Muscle Imbalance

Pilates is a wonderful tool to strengthen deep stabilizer muscles (transverse abdominus and multifidus muscles) which support your spine. Studies have found that weak spinal muscles are typically found from people with back pain. Unfortunately, improving back stabilizer muscles is not enough. The pelvic and hip region muscles are also important and when they are unbalanced, they tend to impact back and spine function as well. For example hamstring, piriformis and hip flexor muscles tightness put tremendous pressure to the lower back and changing the pelvic alignment. Many Pilates exercises involve hamstrings, hip flexor and piriformis muscles which may actually further add imbalances and tightness of those muscles. Pilates focuses stretching by lengthening extremities and aiming the joints full range of motion. Unfortunately, just Pilates “lengthening” is probably not enough for a person who has  back pain and extreme tightness of these muscles. So, it’s a good idea to add also some traditional stretching to help better reduce tightness and relieve back pain.

Better Posture

Body alignment is a Pilates foundation which is very important for people with back pain. It’s a big help for back pain sufferers to know what alignment they have to keep and carry themselves, because with the optimal posture the pressure of the lumbar spine is minimal. Neutral pelvic & spine position is important but also the rest of the body’s proper alignment – from head to toe. Pilates instructor who teaches the back pain clients only on the supine position (lying on back) can’t improve much the clients’ posture. It’s important to teach spine and pelvic alignment in both standing and sitting positions where the muscles are working as a daily basis. Pilates improves posture and muscle balance if the Pilates instructors have a good eye and good knowledge of anatomy & biomechanics. Unfortunately, many Pilates instructors lack the knowledge of these areas.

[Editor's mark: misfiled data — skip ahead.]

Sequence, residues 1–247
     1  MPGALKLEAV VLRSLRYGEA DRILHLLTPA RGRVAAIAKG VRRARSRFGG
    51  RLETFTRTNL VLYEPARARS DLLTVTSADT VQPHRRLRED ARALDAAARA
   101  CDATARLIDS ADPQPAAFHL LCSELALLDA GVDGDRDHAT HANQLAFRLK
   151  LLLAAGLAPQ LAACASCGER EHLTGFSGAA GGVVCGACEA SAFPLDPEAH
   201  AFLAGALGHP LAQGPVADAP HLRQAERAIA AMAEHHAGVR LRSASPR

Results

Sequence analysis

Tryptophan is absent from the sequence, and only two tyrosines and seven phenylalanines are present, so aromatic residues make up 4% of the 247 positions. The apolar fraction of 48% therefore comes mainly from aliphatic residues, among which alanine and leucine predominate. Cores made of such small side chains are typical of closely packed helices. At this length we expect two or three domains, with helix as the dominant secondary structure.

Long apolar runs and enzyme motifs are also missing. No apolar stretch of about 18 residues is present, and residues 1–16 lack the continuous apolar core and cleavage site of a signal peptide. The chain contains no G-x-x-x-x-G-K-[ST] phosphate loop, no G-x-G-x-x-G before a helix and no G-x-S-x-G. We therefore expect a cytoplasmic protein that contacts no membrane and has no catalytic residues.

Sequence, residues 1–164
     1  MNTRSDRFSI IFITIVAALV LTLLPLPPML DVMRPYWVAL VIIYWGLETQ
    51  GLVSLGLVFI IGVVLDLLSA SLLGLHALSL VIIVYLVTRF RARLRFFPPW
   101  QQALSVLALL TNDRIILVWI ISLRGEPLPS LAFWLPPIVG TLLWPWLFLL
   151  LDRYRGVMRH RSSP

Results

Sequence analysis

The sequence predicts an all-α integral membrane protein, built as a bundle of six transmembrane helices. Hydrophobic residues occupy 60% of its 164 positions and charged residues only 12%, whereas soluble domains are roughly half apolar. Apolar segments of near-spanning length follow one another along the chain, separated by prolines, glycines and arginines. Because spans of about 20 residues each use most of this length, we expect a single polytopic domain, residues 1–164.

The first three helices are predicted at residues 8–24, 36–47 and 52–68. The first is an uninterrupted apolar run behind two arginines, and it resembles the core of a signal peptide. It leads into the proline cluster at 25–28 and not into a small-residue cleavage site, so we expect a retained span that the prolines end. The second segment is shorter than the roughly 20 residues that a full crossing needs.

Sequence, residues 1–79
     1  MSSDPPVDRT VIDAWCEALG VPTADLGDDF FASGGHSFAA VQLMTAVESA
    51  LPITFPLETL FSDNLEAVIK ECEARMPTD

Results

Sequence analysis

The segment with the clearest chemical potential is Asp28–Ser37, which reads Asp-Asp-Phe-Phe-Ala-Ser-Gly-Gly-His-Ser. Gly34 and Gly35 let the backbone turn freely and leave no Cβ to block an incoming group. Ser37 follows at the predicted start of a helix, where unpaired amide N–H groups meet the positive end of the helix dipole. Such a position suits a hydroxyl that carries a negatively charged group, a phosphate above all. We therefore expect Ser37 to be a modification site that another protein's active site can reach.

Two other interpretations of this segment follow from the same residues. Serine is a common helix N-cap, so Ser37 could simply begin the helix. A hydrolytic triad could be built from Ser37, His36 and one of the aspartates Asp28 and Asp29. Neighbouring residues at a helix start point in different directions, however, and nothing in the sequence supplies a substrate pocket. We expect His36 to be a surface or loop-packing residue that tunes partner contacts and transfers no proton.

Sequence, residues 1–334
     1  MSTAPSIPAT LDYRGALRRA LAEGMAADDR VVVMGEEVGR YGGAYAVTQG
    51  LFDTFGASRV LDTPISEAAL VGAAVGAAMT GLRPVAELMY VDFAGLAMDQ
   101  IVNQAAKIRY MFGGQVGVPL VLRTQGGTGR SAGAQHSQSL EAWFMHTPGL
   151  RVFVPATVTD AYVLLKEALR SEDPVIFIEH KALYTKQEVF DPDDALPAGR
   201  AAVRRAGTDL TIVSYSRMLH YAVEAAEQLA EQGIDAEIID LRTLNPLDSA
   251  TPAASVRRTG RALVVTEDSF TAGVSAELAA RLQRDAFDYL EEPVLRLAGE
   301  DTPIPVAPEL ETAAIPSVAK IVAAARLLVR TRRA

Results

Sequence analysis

Compensation, Muscle Recruitment

Always when pain is persisting, the muscles work differently. The other muscles “shut down” when the other muscles have to overwork by taking care of the others job. Researches have shown that of the people who has back pain the muscle recruitment changed. Deep spine stabilizer muscles are not working correctly and efficiently and superficial muscles take over, unfortunately with poor outcome. This often makes the back very vulnerable for re-injury. Back pain clients lose the control of deep stabilizer muscles -transverse abdominus and multifidus muscles – and so it’s very important to re-educate these muscles working correctly to help support spine. Pilates is a great tool to re-educate those muscles working correctly because all the movements start by contracting transverse abdominal muscles. Also many back pain clients overuse piriformis, hamstrings & hip flexors muscles and superficial back muscles and under use glutealis muscles. To identify and correct faulty movement patterns as well as faulty muscle recruitment needs again a knowledgeable and experienced instructor who has more in-depth anatomy and body mechanics education than a basic comprehensive Pilates education program can offer.

Fear of Re-Injury